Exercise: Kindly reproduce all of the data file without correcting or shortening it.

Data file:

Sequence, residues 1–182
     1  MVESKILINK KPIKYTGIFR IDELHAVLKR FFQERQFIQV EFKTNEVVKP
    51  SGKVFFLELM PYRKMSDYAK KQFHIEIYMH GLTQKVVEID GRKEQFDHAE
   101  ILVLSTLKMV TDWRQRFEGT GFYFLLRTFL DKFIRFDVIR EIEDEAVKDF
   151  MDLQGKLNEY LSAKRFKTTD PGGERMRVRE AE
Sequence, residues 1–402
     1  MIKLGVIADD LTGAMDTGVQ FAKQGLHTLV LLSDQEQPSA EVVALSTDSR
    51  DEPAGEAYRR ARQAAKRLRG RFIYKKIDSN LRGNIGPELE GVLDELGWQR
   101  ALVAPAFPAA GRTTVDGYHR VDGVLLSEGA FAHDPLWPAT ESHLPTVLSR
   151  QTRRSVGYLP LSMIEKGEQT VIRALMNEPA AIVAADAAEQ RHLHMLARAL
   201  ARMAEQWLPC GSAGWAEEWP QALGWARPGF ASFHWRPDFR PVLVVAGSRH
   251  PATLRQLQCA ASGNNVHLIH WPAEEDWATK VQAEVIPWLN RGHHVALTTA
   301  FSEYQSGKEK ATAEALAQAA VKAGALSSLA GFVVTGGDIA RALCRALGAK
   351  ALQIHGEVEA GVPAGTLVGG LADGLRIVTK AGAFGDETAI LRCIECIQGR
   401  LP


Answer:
Sequence, residues 1–182
     1  MVESKILINK KPIKYTGIFR IDELHAVLKR FFQERQFIQV EFKTNEVVKP
    51  SGKVFFLELM PYRKMSDYAK KQFHIEIYMH GLTQKVVEID GRKEQFDHAE
   101  ILVLSTLKMV TDWRQRFEGT GFYFLLRTFL DKFIRFDVIR EIEDEAVKDF
   151  MDLQGKLNEY LSAKRFKTTD PGGERMRVRE AE
Sequence, residues 1–402
     1  MIKLGVIADD LTGAMDTGVQ FAKQGLHTLV LLSDQEQPSA EVVALSTDSR
    51  DEPAGEAYRR ARQAAKRLRG RFIYKKIDSN LRGNIGPELE GVLDELGWQR
   101  ALVAPAFPAA GRTTVDGYHR VDGVLLSEGA FAHDPLWPAT ESHLPTVLSR
   151  QTRRSVGYLP LSMIEKGEQT VIRALMNEPA AIVAADAAEQ RHLHMLARAL
   201  ARMAEQWLPC GSAGWAEEWP QALGWARPGF ASFHWRPDFR PVLVVAGSRH
   251  PATLRQLQCA ASGNNVHLIH WPAEEDWATK VQAEVIPWLN RGHHVALTTA
   301  FSEYQSGKEK ATAEALAQAA VKAGALSSLA GFVVTGGDIA RALCRALGAK
   351  ALQIHGEVEA GVPAGTLVGG LADGLRIVTK AGAFGDETAI LRCIECIQGR
   401  LP